Back to Polish expressions. That an Anglo-Saxon, a Swede, a Dane..... find much in Polish totally weird and incomprehensible, is obvious. Yet, the process of discovery and being able to apply that discovery in context, that makes the effort seem worth it in the end, (speaking here just for myself, as well as someone who admittedly had a much easier time mastering Swedish than Polish-:) LOL)

Typo! "Even if many Swedes maintain that English is as natural to them as Swedish, their mother tongue....."

Apologies once again))))
OP Derevon 12 | 172
26 Jun 2010 #16
I live in Poland since August 2008, and at current rate I will be able to participate in a normal conversation around 2018 or so.

It's quite annoying at work not to understand what your colleagues are saying to each other. I usually have some kind of idea what they're talking about, but I rarely understand any details.

I've noticed that I understand a lot more for example if someone is talking (rather formally) during a meeting. Then I understand almost everything. If I hear two colleagues talking to each other during the lunch break, on the other hand, only around 10-20% depending on who's speaking.
Lyzko
26 Jun 2010 #17
An interesting assessment, Derevon.

As Polish was my first, and remains my only, Slavic language, I've gotten to the point where I can communciate orally much more fluently than in writing. The reasons are clear; in speaking, especially when counting, we can slur over certain sounds which of course in writng you just can't do: DWA could be made to sound like DWOJE in quick speaking, in writing, the wrong choice stands out like a sore thumb.

In addition, when we talk, most people leave off half or part of the sentence/word. True, Polish is not spoken as lazily as say, American English or Danish, but nonetheless, no native Pole in normal conversation stresses those nasals. In writing, mistakes are laid bare for all to see (...and point at) LOL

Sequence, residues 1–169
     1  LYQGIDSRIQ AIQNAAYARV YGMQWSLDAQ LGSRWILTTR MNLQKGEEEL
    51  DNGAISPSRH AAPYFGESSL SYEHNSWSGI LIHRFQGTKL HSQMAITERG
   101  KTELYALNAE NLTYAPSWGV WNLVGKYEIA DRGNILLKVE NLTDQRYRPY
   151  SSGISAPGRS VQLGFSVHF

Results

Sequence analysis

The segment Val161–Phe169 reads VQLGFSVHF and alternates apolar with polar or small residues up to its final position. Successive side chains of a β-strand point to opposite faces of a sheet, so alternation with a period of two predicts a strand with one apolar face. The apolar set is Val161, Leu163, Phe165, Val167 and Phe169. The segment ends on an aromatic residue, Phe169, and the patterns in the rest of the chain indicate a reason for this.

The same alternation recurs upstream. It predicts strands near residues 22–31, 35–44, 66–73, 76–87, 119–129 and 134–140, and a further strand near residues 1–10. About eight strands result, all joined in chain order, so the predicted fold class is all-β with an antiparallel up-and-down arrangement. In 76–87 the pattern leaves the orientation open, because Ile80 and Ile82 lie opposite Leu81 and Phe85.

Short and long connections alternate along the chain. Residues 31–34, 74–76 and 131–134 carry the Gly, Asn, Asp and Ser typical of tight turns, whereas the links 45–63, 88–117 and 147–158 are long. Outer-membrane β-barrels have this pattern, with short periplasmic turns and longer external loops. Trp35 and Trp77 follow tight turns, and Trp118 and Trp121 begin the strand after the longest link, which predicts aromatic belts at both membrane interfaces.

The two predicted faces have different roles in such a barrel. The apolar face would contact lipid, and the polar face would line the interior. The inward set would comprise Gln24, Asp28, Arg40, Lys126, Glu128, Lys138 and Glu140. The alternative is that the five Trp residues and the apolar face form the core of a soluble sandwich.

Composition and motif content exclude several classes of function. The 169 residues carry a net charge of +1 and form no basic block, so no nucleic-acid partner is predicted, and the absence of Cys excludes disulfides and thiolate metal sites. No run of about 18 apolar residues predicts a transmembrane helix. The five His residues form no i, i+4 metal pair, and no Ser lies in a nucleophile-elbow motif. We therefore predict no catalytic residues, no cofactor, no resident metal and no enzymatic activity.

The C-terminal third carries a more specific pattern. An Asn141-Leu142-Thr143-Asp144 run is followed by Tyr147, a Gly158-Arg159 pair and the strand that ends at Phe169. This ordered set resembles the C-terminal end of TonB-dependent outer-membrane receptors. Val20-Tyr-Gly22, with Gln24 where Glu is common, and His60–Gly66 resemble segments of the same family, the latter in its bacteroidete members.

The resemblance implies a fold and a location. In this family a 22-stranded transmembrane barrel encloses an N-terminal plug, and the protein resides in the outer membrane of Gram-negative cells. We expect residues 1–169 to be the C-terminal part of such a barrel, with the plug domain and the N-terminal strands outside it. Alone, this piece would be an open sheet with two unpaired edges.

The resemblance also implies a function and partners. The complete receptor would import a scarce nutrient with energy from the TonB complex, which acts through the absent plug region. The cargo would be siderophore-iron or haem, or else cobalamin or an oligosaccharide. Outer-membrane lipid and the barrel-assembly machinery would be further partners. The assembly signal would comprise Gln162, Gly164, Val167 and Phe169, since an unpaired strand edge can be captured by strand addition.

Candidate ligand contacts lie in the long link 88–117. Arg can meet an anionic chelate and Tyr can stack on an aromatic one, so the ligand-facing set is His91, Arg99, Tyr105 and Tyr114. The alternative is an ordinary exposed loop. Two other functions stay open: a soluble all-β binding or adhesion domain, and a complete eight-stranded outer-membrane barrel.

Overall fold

OP Derevon 12 | 172
26 Jun 2010 #18
When writing you have time to think about rules and such.

Anyway, I'm sure I could learn to speak decent Polish, but only if I first learn to understand when other people speak. I don't really pick up anything from listening (at least not as far as I've noticed), so that's my problem.
Lyzko
26 Jun 2010 #19
When I was first in Holland, after knowing German, I too thought I could understand everything, after all, Dutch and German (even more than Dutch and English, the Normal Conquest in 1066, you'll kindly remember!! LOL) are almost as close as Swedish and Norwegian, right? (ha-ha!) WRONG!!!

A gentlman asked me "Rijdt u naar Duesseldorf van Amsterdam, of wilt u met de trein? (Are you driving to Duesseldorf from Amsterdam or do you want to take the train?) I responded, "Nee, ik kan niet rijden, ik neem m'n auto." (No, I can't ride, I'll take my care.) The man stared at me with puzzled annoyance amd repeated the question in rather heavily accented English. I responded in German and the man finally understood.

In Dutch 'rijden' means 'to drive' NOT 'to ride' as in English and German. I stupidly thought he was asking if I wanted to travel on horseback LOL